Packing and leaving are not our favorite activities. We travel with four carry-on suitcases and one medium-sized suitcase. On departure day, we push and shove, curse, sit or stand on the suitcases, and sigh in relief when all are closed. The family hostel in Athens didn’t have an elevator. After the packing grumble, my husband and I dragged our five pieces down the stairs, from three floors high. After I placed all packages on the marble floor of the lobby, I pulled out my wallet to pay. The host looked at me puzzled. “Did I already pay,” I asked.
“No, but why are you leaving?” he replied, “Your departure date is tomorrow.” I turned to my husband, who had no clue, then shuffled my papers, pushed some buttons on my iPhone, and concluded that he was right. It meant three floors back up with five suitcases, and another day of unpacking and packing, but also a bonus day in Athens. All was well.
Upon leaving Athens, we visited the (South) Black Forest in Germany, and family in Switzerland. WorldTripGirl wrote about both, Germany and Switzerland. After Switzerland, we returned to the (North) Black Forest, as I had found a very cheap flight to Brazil, our next destination, from Frankfurt. We had convinced my parents to join us for the last couple of days in Europe, and Eilam’s mother decided to fly in from Tel Aviv as well. To accommodate all, I cancelled our AirBnB and booked an apartment hotel for the family reunion. We had three wonderful days together. We hiked up a gigantic spiral overlooking the treetops, traveled through Baden-Baden in an antique carriage, and had wonderful meals together.
“When people ask me what I think of your world trip, I don’t comment,” my dad said over Thai food on our last night. He probably thought we were crazy but decided to defer commentary until after our year. With eleven months behind us, it seemed he was getting ready to pass judgment. “I want you to help me form an opinion,” he continued. “After returning home, send me a letter with your evaluation, and I will return a cash gift for your piggy bank,” he promised the kids. Nine fell on the floor in shock. I wasn’t sure whether he was shocked by the promised cash, or by the prospect of writing a whole page to my dad. We discovered during our homeschooling sessions that both our boys are allergic to writing.
The next morning, the day of our departure to Brazil, I snoozed in bed and grabbed my laptop to check on the baggage allowance of Condor. I reflected on how far we had come. My dad was right that it was time to take stock. It took me five years to convince my husband to take this family sabbatical around the world. My daughter was an accomplice and our two sons can be considered victims, though they never objected. My husband left most of the planning to me. It was the price I paid to live my dream. So far I reserved thirty flights, seven trains, one RV, one sailboat, one cruise, nine cars, sixteen AirBnB apartments, three HomeAway houses, three youth hostels, three fishing trips, and twenty-five hotels, not counting any of our excursions or the campings we used with the RV. My husband has reserved one apartment, via friends, in Israel. He also arranged for the kids to go to school there, and planned a few excursions.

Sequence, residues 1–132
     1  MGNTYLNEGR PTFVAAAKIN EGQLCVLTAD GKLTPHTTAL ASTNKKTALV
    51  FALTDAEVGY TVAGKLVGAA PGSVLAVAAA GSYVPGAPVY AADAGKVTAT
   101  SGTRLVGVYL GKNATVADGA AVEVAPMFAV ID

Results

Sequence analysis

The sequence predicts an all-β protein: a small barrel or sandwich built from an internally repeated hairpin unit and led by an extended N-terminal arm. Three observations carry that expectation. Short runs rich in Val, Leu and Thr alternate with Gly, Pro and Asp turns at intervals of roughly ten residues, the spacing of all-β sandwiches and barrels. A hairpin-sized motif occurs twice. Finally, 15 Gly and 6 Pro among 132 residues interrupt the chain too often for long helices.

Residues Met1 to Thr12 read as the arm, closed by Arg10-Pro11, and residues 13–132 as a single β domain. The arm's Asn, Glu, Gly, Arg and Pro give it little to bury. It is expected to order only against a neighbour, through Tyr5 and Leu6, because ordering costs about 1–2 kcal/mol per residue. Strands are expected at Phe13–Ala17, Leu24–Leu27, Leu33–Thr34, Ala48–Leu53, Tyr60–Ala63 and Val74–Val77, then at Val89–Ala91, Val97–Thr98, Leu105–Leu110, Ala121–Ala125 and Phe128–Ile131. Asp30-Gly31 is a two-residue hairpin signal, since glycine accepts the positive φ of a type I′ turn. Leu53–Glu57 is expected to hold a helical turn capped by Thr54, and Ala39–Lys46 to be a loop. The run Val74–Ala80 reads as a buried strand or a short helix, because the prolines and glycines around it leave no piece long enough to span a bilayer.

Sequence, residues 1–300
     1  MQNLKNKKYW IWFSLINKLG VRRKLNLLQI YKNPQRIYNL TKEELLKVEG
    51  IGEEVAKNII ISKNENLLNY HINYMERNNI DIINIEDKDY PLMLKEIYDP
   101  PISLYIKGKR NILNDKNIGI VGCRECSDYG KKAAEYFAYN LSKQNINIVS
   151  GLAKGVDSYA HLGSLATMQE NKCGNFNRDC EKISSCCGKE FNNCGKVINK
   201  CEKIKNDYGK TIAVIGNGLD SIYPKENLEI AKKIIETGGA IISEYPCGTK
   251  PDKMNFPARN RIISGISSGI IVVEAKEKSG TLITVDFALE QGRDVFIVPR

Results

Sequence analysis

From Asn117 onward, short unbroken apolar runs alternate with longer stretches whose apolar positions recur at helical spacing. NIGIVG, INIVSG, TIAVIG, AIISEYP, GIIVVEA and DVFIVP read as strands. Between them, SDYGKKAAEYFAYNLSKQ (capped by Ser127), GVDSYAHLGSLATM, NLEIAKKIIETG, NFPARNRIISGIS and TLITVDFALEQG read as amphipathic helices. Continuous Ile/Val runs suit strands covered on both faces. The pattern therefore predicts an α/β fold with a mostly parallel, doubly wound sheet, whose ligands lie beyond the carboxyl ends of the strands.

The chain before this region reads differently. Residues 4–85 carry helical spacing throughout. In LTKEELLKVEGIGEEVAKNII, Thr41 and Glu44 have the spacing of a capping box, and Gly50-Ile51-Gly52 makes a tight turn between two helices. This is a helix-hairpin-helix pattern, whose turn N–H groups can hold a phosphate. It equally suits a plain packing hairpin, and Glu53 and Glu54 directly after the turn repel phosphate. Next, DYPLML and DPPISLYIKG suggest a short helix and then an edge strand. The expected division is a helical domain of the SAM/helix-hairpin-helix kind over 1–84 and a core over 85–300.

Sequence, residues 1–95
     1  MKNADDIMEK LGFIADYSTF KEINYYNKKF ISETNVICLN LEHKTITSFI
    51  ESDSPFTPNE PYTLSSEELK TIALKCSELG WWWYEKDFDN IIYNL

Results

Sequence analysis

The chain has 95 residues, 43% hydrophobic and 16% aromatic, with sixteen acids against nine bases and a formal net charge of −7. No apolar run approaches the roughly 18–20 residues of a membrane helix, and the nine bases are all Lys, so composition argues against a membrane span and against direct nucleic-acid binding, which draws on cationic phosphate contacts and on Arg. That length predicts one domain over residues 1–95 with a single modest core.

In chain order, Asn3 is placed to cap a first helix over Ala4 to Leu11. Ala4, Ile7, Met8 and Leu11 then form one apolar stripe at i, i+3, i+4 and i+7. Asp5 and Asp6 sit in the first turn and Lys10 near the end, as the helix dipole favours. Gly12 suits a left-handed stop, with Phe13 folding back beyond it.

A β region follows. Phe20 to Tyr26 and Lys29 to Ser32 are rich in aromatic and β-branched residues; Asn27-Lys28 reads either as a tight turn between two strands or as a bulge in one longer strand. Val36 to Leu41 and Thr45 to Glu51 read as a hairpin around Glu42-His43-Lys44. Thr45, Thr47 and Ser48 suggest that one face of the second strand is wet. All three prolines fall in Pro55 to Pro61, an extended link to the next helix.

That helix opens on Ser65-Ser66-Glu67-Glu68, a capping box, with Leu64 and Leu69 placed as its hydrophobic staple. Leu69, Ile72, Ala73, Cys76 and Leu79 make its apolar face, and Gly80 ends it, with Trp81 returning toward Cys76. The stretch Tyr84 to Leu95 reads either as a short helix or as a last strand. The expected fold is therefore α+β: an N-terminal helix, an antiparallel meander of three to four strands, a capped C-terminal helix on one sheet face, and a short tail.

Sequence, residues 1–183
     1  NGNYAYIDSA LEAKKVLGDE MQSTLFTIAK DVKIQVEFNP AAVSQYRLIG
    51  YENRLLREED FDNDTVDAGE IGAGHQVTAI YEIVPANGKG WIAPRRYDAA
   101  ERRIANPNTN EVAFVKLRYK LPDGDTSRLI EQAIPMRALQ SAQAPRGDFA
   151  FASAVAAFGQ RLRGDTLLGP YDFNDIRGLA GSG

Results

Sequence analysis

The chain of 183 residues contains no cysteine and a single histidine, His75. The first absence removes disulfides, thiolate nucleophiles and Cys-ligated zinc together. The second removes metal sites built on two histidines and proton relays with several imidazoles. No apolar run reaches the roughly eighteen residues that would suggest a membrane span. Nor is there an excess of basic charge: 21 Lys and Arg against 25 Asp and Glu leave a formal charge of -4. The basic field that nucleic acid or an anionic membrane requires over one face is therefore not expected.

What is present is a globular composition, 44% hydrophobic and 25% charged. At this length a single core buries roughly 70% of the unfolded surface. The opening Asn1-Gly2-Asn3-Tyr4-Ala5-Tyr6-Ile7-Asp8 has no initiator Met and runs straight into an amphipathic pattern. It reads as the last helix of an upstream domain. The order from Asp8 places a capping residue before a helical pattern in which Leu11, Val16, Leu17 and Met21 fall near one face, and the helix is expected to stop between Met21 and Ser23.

Before I closed my laptop to start the dreaded packing, I scanned the Condor confirmation one more time. Flight from Frankfurt to Rio, May 26, five people, twenty-three kilos per person. All seemed well. Wait. I felt my stomach turn as on a roller coaster. A wave of cold rippled through my body. Then my heart accelerated and I realized what was wrong. The calendar on my laptop indicated the date: May 27. Somewhere along the way, a May 27 arrival had become a May 27 departure. We had missed our flight to Brazil!
I informed my sleepy husband of our misfortune and asked him to distract the kids. Next, I called the airline. They informed me in a heavy German accent that, “There is nothing we can do.” I felt tears welling and decided that a little crying would perhaps convince Condor to put us on standby for their next flight. I was wrong. It stayed a big, fat N-O. Our flight had left, the reservation was closed, the money was gone, and the next flight only available in four days. My husband poked his head around the bedroom door and announced we had only twenty minutes left to check out of the apartment. We never packed our bags so quickly. A cup of coffee later, we accepted our new reality. The kids didn’t try to control their emotions. They were ecstatic. They put together two and two quickly and realized we would wait out the four days at my parents’ home in The Netherlands. The kids absolutely love spending time there.
Missing flight number twenty-two out of thirty turned into the best mistake I have made during this trip. We had an amazing weekend in my hometown with my parents, my brother, and his family. We managed to re-arrange our Brazil itinerary and to recoup some of the lost money,by canceling an internal flight and a tour in Rio. We later learnt that the days we missed in Brazil were all storm and rain. Nobody can take away the extra family time we got in return, both in Germany and The Netherlands, and of course, the whole family can forever laugh at me for my silly mistake. Perhaps if I charge per smile, we will actually come out ahead.